i got a barnes & noble gift card so i went kind of crazy and bought a lot of books today (cue space complaint). i got american minor, which is charlie white's latest series and probably the best book i bought today. i also purchased the beats: a graphic history (disappointing and childish. i should have read the spine because once i got home i discovered that it was made by the same people who did the equally disappointing malcolm x graphic novel), a book on political philosophy, i saw you: comics inspired by real-life missed connections (pretty good but kind of indie queer of me nonetheless), unlovable (a comic based on a diary the artist, esther pearl watson, found in a gas station bathroom in 1988), a richard estes retrospective (fuck yessss), and a book on the making of damien hirst's "for the love of god" (you know, the diamond-encrusted skull). there are still so many books i want! i am fucking insatiable.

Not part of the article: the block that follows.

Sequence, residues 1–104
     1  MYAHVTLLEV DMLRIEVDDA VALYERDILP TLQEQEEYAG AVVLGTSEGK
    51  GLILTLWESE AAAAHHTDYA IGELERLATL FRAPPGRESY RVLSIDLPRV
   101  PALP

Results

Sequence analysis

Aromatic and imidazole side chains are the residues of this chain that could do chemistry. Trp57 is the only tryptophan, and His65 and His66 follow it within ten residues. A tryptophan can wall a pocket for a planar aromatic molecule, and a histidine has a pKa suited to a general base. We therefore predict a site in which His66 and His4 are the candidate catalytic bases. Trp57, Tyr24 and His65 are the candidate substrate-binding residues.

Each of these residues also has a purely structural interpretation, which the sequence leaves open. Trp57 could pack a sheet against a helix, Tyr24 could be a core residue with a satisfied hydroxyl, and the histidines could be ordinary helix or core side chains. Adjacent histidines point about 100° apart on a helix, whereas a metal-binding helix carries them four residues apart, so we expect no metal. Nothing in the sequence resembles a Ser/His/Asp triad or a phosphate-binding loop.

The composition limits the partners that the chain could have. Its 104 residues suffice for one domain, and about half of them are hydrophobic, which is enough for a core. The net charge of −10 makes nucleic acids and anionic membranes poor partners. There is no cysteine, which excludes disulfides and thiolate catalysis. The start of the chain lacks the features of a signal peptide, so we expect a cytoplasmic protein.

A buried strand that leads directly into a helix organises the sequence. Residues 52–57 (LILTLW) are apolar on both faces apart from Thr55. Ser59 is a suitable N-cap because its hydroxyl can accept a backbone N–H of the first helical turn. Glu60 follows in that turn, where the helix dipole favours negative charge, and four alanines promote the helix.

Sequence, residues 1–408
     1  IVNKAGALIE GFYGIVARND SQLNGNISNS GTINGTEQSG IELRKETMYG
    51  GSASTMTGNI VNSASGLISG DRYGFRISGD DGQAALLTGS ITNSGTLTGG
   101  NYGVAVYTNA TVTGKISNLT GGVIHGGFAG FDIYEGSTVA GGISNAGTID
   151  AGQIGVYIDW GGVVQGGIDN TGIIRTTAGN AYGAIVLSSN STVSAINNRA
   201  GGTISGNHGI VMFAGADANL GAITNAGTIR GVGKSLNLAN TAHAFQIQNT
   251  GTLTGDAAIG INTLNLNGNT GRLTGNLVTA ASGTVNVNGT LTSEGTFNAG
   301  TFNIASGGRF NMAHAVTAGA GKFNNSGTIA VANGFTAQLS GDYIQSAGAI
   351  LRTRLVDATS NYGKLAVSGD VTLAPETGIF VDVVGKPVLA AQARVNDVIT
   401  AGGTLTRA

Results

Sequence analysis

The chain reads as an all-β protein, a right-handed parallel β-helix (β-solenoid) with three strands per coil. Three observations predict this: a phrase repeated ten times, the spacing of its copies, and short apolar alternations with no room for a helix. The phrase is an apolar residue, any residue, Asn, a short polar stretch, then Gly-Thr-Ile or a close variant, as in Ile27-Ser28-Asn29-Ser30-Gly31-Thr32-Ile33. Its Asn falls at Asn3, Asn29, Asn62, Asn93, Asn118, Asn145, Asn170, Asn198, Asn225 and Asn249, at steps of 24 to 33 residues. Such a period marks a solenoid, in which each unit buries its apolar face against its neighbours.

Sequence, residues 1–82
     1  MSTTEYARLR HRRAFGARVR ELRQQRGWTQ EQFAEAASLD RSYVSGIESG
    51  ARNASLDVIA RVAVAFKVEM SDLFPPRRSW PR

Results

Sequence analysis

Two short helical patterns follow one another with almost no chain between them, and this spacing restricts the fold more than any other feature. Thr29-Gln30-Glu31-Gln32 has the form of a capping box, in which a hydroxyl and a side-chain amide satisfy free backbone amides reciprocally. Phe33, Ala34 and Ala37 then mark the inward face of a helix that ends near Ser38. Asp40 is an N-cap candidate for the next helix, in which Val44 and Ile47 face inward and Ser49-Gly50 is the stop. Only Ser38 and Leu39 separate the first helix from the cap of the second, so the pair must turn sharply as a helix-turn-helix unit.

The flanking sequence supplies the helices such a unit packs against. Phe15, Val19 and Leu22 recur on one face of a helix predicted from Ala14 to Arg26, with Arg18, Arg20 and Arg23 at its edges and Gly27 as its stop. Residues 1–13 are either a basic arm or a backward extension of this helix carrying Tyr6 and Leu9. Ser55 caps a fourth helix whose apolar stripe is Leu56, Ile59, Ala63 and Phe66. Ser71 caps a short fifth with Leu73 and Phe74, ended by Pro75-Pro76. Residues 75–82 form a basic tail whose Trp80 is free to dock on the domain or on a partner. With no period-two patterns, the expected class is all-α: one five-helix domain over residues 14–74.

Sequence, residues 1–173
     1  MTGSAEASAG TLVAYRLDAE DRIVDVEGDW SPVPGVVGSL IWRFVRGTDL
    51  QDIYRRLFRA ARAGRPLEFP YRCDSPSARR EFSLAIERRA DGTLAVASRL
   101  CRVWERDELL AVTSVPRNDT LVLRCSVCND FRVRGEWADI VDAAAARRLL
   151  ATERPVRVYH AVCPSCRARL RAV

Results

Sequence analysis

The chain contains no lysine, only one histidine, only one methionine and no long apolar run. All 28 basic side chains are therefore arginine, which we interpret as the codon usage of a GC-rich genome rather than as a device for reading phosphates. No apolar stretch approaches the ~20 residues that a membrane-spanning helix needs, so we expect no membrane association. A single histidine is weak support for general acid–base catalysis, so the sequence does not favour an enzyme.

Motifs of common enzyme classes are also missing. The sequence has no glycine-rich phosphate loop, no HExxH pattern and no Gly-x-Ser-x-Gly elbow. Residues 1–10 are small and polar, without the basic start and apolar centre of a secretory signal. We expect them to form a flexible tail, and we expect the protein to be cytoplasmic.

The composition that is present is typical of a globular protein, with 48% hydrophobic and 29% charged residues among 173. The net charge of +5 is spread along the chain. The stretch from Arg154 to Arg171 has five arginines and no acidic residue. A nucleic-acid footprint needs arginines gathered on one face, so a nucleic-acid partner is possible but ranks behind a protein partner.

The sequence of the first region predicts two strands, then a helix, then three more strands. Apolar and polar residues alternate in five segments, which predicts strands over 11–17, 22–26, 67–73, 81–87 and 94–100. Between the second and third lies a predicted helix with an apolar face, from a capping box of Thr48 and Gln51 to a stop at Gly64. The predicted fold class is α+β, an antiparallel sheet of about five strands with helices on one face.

a couple of months ago i was so pysched to find a dvd collection of every "schoolhouse rock" short (on sale, no less) but i just unearthed it under a pile of sweaters, and it hasn't even been unwrapped yet, let alone watched. shameful.
oh and i should confess something: i didn't really like the "art of two germanys: cold war culture" exhibit at lacma. i guess they thought it was a good idea as the 20th aniversary of the fall of the berlin wall approacheth but it definitely didn't resonate as well with me as it probably should have. it just didn't seem very relevant. maybe in 1994 i would have been down, 1999 even, but now cold war art seems to be too old to be à la mode and too new to be rediscovered and fully appreciated. i skipped the holocaust room entirely, and was bored or annoyed with all of the nazi imagery. but maybe that's just me. i hated the vanity fair exhibit when i saw it last year, too, and it seems as if everyone else adored it. perhaps i am too critical. but isn't that necessary in the art world?